I Must Remember This: – a must read book

I Must Remember This: A Southern White Boy’s Memories of the Great Depression, Jim Crow, and World War II by George Thomas Youngblood

I recently purchased and read this book by George Thomas Youngblood. George Thomas Youngblood was born in 1929 in Barnwell County, South Carolina and died in Texas in 2007. He is related to the Youngblood family that moved to Emanuel County, Georgia from Barnwell County, South Carolina.

He tells his memoir of growing up in rural South Carolina during the Great Depression and during World War II. His tales are told with a humor and charm as only a southerner can write about growing up in the south land. If you are old enough, his stories will bring back nostalgic childhood memories of a period of time that will never be relived again; if you are younger, these stories will show you how your parents, grandparents or great grandparents grew up in the south during the 1930’s and 1940’s.

This is a must read book for those persons interested in southern life during earlier times.

You can obtain it from bookstores such as Amazon.com

From the book description:
Joe, George, and Richard Youngblood, three white brothers growing up in the rural South during the Great Depression, live in a world of paradoxes: love and hate; doubt and faith; and sadness and humor.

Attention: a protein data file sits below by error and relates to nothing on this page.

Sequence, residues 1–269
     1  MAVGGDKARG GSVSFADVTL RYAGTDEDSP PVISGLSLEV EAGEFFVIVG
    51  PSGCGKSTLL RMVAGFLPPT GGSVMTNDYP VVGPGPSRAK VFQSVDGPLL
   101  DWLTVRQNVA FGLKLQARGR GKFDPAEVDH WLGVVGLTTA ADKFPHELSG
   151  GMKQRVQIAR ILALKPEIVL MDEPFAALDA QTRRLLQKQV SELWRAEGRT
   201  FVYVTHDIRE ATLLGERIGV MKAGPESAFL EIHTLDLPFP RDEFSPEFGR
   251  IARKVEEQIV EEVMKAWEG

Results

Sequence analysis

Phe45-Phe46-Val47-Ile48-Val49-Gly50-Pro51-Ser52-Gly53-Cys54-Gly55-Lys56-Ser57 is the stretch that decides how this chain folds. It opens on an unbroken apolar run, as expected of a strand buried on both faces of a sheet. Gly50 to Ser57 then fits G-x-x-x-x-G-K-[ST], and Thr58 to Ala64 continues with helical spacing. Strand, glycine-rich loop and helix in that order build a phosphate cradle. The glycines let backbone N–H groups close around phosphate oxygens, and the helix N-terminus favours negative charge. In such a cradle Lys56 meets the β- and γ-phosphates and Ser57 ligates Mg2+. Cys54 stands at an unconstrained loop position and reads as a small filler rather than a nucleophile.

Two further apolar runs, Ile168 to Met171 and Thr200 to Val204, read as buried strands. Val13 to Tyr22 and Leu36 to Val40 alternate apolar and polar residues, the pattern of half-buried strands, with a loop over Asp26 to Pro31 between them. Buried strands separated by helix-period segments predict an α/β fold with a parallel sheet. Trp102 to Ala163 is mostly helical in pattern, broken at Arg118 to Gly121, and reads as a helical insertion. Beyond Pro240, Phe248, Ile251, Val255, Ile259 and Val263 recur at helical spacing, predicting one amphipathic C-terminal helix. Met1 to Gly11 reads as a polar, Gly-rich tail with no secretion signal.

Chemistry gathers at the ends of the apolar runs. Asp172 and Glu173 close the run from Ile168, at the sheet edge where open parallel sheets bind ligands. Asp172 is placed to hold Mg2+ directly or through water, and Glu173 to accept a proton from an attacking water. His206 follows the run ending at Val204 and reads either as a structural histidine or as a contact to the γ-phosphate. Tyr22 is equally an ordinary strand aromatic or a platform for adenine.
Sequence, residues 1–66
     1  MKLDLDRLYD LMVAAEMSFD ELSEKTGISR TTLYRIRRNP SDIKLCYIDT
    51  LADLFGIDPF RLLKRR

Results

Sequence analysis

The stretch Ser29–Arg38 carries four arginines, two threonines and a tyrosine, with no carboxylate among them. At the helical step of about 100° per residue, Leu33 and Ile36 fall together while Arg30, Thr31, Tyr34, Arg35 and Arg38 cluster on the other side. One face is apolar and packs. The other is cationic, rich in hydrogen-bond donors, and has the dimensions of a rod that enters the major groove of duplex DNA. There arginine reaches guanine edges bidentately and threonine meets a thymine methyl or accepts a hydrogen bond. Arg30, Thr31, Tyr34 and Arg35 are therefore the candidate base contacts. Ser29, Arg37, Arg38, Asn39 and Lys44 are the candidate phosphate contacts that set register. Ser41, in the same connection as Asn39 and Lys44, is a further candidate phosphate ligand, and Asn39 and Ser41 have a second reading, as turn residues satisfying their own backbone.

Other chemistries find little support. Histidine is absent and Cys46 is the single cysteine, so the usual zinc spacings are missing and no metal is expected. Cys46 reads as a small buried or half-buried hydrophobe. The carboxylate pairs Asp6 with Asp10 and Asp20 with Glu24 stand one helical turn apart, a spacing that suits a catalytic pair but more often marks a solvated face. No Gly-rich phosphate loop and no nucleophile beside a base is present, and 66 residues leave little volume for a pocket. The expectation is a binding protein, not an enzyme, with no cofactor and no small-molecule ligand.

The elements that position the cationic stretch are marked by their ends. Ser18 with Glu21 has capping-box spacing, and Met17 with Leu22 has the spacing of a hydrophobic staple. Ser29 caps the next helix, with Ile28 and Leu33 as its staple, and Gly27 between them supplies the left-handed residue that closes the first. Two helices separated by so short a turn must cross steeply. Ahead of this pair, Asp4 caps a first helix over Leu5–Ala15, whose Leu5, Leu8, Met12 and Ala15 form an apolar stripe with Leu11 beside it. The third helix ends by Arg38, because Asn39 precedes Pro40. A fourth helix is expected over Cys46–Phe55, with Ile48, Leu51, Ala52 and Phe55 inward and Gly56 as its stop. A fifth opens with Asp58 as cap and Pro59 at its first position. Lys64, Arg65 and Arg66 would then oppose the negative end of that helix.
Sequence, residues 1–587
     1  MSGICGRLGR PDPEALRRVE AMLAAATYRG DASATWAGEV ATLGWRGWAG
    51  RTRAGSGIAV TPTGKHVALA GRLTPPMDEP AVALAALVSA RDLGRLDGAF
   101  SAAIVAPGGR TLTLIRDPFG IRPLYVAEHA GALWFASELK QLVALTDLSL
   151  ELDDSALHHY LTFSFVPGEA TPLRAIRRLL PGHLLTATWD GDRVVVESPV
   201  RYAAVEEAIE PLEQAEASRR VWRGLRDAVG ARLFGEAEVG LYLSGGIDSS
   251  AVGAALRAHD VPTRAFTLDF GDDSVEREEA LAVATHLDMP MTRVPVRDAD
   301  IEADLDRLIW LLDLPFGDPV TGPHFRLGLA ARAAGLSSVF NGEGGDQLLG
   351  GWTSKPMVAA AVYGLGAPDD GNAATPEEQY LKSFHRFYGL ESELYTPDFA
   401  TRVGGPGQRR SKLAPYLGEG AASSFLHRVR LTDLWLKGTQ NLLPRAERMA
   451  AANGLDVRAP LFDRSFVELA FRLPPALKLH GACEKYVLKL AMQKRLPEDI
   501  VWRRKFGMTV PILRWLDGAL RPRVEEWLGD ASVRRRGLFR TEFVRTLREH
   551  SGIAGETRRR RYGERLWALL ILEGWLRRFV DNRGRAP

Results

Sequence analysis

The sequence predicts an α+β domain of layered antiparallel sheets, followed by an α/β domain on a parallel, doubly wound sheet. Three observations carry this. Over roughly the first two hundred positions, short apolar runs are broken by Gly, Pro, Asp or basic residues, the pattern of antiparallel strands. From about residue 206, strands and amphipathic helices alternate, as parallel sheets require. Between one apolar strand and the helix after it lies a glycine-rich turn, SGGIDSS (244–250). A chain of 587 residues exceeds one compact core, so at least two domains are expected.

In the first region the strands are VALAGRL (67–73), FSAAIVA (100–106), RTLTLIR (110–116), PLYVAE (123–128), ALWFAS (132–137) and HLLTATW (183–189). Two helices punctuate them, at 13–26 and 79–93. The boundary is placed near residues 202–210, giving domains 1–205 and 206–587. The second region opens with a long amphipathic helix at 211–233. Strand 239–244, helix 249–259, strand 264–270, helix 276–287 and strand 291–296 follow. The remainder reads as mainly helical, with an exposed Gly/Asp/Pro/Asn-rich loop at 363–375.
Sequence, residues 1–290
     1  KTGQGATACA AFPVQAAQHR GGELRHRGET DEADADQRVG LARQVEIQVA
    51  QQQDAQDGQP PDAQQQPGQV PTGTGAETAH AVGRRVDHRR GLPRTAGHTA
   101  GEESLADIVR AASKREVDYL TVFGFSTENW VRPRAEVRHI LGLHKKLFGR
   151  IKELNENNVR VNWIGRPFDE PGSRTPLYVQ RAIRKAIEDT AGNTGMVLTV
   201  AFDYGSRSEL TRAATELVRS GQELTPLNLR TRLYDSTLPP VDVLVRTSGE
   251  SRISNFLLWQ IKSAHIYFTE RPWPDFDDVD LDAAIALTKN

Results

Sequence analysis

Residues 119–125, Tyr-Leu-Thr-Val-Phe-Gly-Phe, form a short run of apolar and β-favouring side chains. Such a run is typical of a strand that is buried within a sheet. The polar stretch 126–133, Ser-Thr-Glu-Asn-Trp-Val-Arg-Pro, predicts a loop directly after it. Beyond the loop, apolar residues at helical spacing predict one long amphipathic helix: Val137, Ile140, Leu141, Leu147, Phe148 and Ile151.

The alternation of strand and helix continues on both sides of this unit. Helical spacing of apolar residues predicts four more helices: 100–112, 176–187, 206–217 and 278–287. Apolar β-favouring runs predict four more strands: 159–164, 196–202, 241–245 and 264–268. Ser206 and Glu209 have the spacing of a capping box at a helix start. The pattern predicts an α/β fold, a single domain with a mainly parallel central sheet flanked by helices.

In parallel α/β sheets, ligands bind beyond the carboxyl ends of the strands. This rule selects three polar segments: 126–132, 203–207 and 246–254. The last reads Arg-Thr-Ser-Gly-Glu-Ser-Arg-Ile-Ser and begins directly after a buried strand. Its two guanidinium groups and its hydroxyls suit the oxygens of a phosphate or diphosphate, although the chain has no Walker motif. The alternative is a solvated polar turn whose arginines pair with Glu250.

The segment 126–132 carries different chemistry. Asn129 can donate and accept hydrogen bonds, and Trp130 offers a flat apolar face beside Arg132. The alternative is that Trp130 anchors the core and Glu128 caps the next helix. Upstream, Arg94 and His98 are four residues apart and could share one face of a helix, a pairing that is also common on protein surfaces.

In his poignant memoir I Must Remember This: A Southern White Boy’s Memories of the Great Depression, Jim Crow, and World War II, author George Youngblood shares stories about everything from the brothers’ first awareness of death, sex, and race to the truth about Santa Claus. They smoke rabbit tobacco, tremble at ghost and snake stories, watch haircuts for excitement, get baptized, and gawk at locomotives and alligators.

Hard times draw the Youngblood family closer to their father’s black farm workers. With one family in particular they form a symbiotic relationship in the hostile world of poverty, disease, and segregation. I Must Remember This is Youngblood’s family story as they hope, work, and laugh with little cause—and succeed with basic honesty, respect, and an astounding sense of humor.